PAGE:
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(Note: Letters from readers express the writers' personal opinions and do not necessarily express the opinion of roadracingworld.com)
On The Battle To Take Back The AMA
Rest assured, my AMA vote will support your slate of candidates when I receive my January issue of American Motorcyclist with the ballot. As an AMA member, it infuriates me to see our dues being wasted, races mis-managed, and racers endangered by the irresponsible activities of a few entrenched boneheads. I would also like to know how to contact the distributors for Honda, Yamaha, Suzuki, Kawasaki, and KTM to let them know my ticket money will stay with Clear Channel for the 2003 Supercross season. Can you provide an e-mail contact for these companies?
Editor's Note: Look for a contact on their respective websites.
AMA Trustees Should Be Held Personally Accountable
I just finished reading your post of 11/9/01 titled "Opinion: AMA Supercross Deal A Case Of History Repeating Itself, And Members Will Pay The Price" As an attorney, a member of the AMA and a racer , and based on the information provided in your editorial, I find it frightening how the AMA has conducted itself and continues to behave. What I find most appalling is that none of the AMA Board of Trustees involved in the Edmonson debacle were held personally responsible for behavior that smacks of severe breaches of fiduciary duty towards the members of the AMA who wound up footing the settlement bill.
I wonder whether anyone who represents the interests of the AMA members (not the board of directors or trustees) has looked into the legal and factual grounds for potential causes of action such as breach of fiduciary duty, fraud, misrepresentation, etc. personally against the directors and trustees of the AMA for either knowingly or recklessly inducing a breach of contract with Edmonson. It is patently unfair to AMA members that directors and/or trustees may behave either willfully or recklessly, cause millions of dollars in damages resulting from a lawsuit, and then pass those costs onto innocent members--while walking away with their jobs and pocketbooks intact. Under most corporate statutes, directors and officers are not held personally responsible for negligent acts so long as the negligent acts happened in good-faith and the director/officer(s) at the time exercised some level of sound judgment; however, directors/officers may be held responsible for behavior that goes beyond negligence and crosses the line into reckless or intentional behavior, especially when that behavior involves self-dealing. When I think of the opportunity costs of the AMA litigation, I think about all the Air-Fence the settlement monies could have purchased. I wonder how many lives could have been saved through the proper application of those funds. And then I shudder.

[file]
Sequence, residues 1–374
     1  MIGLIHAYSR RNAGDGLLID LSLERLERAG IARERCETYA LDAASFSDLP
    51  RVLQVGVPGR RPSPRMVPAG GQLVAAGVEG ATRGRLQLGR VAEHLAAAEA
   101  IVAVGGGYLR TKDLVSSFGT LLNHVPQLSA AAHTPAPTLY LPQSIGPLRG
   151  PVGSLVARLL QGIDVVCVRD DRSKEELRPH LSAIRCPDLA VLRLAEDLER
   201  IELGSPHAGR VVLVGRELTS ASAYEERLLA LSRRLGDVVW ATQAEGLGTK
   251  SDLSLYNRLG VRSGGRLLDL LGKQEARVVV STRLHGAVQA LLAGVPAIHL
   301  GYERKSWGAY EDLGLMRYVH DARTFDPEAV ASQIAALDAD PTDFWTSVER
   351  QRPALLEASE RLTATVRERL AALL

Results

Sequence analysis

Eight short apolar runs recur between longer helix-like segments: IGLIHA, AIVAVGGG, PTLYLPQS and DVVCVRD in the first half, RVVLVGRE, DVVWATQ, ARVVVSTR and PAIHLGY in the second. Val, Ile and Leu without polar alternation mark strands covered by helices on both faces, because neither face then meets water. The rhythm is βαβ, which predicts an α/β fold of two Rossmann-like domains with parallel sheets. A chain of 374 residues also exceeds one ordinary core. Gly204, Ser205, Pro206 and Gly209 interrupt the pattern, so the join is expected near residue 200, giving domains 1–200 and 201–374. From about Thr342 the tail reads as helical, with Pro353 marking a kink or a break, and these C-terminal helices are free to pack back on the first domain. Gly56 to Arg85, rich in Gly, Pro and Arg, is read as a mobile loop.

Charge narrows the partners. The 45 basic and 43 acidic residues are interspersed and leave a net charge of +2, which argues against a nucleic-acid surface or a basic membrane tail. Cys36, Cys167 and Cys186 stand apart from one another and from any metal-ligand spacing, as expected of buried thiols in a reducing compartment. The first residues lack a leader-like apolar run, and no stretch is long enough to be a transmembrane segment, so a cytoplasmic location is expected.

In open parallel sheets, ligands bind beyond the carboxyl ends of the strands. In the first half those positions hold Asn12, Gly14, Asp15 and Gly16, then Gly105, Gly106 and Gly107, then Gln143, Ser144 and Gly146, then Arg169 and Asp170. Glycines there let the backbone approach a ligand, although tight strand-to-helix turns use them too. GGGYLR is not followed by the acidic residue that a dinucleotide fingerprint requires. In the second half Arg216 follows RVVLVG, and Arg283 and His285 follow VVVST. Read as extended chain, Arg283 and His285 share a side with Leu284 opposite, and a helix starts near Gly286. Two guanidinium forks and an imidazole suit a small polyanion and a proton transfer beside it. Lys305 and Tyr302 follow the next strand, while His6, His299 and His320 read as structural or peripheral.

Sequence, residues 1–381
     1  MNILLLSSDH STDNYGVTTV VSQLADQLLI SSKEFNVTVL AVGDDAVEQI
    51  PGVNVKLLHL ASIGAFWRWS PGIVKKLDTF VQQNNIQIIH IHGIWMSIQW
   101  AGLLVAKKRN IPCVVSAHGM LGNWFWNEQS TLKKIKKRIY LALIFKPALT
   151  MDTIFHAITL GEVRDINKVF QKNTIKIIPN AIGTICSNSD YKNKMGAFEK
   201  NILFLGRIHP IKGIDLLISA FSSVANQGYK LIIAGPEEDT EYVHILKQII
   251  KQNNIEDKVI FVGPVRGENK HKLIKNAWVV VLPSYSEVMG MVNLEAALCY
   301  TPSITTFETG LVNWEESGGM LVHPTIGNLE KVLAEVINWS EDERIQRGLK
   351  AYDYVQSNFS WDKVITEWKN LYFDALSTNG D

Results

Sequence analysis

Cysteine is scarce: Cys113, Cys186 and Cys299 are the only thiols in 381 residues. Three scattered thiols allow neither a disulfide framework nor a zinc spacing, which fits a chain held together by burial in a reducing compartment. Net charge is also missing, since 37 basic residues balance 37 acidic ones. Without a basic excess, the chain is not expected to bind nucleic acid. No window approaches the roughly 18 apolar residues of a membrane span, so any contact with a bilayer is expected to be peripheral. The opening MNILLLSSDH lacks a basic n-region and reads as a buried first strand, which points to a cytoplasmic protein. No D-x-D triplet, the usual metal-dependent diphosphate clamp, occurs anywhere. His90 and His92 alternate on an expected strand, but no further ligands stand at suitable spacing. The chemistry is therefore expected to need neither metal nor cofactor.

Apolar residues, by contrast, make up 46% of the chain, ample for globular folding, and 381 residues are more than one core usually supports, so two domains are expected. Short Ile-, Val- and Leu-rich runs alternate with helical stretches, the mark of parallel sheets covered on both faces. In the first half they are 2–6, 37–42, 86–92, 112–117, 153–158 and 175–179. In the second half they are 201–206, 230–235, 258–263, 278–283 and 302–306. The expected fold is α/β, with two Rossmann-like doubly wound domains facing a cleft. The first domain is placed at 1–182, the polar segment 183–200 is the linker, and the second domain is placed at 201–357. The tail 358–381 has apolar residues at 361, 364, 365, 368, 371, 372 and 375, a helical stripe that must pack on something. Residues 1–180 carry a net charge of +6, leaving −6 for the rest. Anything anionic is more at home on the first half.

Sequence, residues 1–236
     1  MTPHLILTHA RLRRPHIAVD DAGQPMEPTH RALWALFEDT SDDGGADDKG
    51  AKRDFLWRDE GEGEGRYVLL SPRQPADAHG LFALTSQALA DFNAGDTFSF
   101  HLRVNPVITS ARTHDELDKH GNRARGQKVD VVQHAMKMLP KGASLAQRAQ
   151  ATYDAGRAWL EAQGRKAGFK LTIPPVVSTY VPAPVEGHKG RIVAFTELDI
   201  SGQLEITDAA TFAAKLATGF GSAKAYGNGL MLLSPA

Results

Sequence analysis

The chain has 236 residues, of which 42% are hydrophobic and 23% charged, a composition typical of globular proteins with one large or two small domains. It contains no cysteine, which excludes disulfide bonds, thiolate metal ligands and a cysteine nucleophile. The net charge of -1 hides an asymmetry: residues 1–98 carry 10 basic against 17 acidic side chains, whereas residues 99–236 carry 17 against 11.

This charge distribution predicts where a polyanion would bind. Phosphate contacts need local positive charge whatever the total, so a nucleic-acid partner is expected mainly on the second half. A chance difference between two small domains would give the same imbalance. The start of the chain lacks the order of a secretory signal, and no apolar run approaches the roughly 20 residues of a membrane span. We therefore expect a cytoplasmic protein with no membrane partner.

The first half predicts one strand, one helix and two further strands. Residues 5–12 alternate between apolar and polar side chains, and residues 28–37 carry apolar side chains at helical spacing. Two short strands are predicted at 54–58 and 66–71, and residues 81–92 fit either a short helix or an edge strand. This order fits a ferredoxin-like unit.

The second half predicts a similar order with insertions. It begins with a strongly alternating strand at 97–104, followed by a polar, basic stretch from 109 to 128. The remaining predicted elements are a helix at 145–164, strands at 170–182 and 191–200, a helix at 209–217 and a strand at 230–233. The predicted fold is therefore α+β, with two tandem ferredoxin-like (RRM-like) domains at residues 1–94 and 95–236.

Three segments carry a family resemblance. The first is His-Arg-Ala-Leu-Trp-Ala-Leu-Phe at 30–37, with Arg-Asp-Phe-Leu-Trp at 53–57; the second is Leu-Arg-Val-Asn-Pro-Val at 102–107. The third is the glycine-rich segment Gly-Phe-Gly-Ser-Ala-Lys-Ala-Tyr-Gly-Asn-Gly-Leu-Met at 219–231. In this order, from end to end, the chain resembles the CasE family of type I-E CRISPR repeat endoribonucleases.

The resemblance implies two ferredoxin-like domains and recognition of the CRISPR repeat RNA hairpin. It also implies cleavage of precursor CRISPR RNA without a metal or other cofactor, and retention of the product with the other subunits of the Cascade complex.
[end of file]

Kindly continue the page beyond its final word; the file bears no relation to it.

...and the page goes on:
La Jolla, California
On Clear Channel Versus AMA
I think its great that CC is stepping up their Supercross support but, my question is if this is a full-blown war with the AMA does this mean that they will also step up the support on the road racing effort?
Just thought I would ask to see if there was anything mentioned of the sort.
Keep up the good work!
Michael D. Cox
San Diego, California
Editor's Note: There is no sign of CCE Motorsports stepping up on the road racing side.
A Mistake In The Print Edition
In the article on the October 6-7 CCS Southwest races at Firebird East, (Roadracing World, December, 2001), Ray Hymer won the Expert Formula 40 Race
BTW, I should know he won -- I was the Amateur chasing him around the track... that is, until it started raining.
CCS Amateur #969
Editor's note: Mr. Roberts is correct.
The correct Formula 40 Expert results follow:
1. Ray Hymer
2. Rick Stratton
3. Jim Cox
Glad He Got Mentioned In Print Edition, But Wants His Name Spelled Correctly
I wanted to say thanks for mentioning me helping out Ed Marchini and Dave Presler at VIR (Roadracing World, December, 2001). After the AMA race at Laguna Seca this year, Ben Walters Jr. was no longer riding my bikes. If things work out, I will be fielding an AMA 250cc GP team next year. Thanks for everything you do for the sport! BTW, my last name is spelled STARGEL with only one L.